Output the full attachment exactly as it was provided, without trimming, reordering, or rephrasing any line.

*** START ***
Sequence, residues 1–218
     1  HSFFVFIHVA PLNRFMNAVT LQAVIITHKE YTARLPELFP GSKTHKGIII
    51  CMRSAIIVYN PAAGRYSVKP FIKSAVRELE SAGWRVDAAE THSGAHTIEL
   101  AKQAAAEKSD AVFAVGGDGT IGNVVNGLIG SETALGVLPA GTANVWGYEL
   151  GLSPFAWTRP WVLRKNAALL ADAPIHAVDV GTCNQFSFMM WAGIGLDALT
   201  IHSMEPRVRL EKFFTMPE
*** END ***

Sequence, residues 1–218
     1  HSFFVFIHVA PLNRFMNAVT LQAVIITHKE YTARLPELFP GSKTHKGIII
    51  CMRSAIIVYN PAAGRYSVKP FIKSAVRELE SAGWRVDAAE THSGAHTIEL
   101  AKQAAAEKSD AVFAVGGDGT IGNVVNGLIG SETALGVLPA GTANVWGYEL
   151  GLSPFAWTRP WVLRKNAALL ADAPIHAVDV GTCNQFSFMM WAGIGLDALT
   201  IHSMEPRVRL EKFFTMPE